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Lead Your Team Strategy

The Personal Touch: Handwritten Notes Could Improve Business

Though businesses may be wired to the gills these days, our digital devices will never replace handwritten notes, a new study shows. However, the pen we use in the future may be a digital one.

Today's device-centric information workers rely on handwritten notes and believe that better integration of handwritten notes and spoken information with their digital workflow would significantly improve productivity.

While workers and their employers increasingly favor the use of laptops, mobile phones, tablets and other peripherals to manage overall workplace information, an overwhelming majority (87 percent) of business professionals use handwritten notes to complement these technologies, according to a study conducted by Forrester Research for Livescribe, a maker of smartpens. And three out of 10 professionals reviews such notes on a daily basis.

The study also showed a need for technology that brings handwritten and spoken communication into the digital domain; 75 percent of the respondents said they saw value in the ability to computerize, index and search, as well as to share handwritten notes and associated audio. And 47 percent felt that better note-taking would improve both their personal job performance and decision-making within their organizations.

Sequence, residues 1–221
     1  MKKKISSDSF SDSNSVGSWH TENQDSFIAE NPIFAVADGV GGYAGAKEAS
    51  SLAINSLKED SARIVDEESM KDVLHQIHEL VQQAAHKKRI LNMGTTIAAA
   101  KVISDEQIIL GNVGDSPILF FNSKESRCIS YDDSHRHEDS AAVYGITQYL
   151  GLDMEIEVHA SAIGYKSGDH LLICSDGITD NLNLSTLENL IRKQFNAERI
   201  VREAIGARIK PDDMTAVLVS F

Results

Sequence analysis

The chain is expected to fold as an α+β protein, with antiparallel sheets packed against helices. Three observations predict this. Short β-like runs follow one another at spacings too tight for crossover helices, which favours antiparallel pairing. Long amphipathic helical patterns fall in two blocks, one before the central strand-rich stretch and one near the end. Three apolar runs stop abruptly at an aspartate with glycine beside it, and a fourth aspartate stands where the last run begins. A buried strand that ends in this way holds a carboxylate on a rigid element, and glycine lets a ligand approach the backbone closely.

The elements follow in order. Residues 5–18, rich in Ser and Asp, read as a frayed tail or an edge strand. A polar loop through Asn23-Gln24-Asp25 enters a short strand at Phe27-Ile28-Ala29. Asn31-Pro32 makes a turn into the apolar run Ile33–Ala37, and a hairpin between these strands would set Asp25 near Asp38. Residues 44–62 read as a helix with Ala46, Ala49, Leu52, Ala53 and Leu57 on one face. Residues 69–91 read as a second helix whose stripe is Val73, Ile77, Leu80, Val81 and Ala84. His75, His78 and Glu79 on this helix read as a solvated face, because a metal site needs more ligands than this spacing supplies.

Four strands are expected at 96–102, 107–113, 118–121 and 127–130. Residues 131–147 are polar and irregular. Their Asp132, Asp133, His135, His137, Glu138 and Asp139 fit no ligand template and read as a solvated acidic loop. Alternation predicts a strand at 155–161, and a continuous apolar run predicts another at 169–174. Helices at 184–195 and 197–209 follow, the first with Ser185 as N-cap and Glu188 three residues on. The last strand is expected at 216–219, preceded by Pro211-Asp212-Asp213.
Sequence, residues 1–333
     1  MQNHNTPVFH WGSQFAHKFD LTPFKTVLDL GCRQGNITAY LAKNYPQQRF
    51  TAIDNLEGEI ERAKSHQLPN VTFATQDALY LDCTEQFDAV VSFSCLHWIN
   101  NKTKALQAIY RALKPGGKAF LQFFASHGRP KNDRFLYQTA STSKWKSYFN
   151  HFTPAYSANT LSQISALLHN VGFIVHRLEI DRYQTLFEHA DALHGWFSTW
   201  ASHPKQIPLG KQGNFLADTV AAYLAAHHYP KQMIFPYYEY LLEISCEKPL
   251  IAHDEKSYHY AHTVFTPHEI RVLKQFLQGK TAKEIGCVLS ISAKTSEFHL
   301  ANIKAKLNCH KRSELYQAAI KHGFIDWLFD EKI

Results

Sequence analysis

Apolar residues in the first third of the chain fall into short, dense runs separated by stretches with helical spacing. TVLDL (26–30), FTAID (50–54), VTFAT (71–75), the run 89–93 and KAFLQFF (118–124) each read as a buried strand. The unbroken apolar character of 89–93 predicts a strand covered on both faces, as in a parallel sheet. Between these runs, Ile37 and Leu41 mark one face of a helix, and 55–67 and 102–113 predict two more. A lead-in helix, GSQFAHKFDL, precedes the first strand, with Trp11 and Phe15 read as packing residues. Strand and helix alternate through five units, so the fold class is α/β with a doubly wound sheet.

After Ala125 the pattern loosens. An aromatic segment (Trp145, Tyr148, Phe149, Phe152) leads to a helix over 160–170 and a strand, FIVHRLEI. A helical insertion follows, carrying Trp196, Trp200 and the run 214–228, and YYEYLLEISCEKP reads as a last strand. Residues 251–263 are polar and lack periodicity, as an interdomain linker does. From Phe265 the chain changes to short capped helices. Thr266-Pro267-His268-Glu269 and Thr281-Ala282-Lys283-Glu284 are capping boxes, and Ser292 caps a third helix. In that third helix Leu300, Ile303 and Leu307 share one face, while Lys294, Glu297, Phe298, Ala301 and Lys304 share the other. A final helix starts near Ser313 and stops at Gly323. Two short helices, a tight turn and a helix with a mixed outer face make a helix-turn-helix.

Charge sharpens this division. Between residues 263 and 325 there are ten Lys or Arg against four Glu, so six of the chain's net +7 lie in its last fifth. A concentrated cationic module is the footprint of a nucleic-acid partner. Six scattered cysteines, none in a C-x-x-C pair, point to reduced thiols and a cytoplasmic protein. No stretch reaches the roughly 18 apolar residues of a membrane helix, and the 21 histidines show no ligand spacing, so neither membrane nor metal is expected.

Handwritten notes also help make the world go round, the study found: 37 percent of all workers use handwritten notes to organize their priorities through to-do lists .

"People in all walks of life and at every stage of their education and career find handwriting to be a critical method for recording and processing information," said Byron Connell, the chief marketing officer of Livescribe.

Reach BusinessNewsDaily senior writer Ned Smith at nsmith@techmedianetwork.com. Follow him on Twitter @nedbsmith.



Ned Smith

Ned was senior writer at Sweeney Vesty, an international consulting firm, and was Vice President of communications for iQuest Analytics. Before that, he has been a web editor and managed the Internet and intranet sites for Citizens Communications. He began his journalism career as a police reporter with the Roanoke (Va.) Times, and was managing editor of American Way magazine and senior editor of Us. He was a Captain in the U.S. Air Force and has a masters in journalism from the University of Arizona.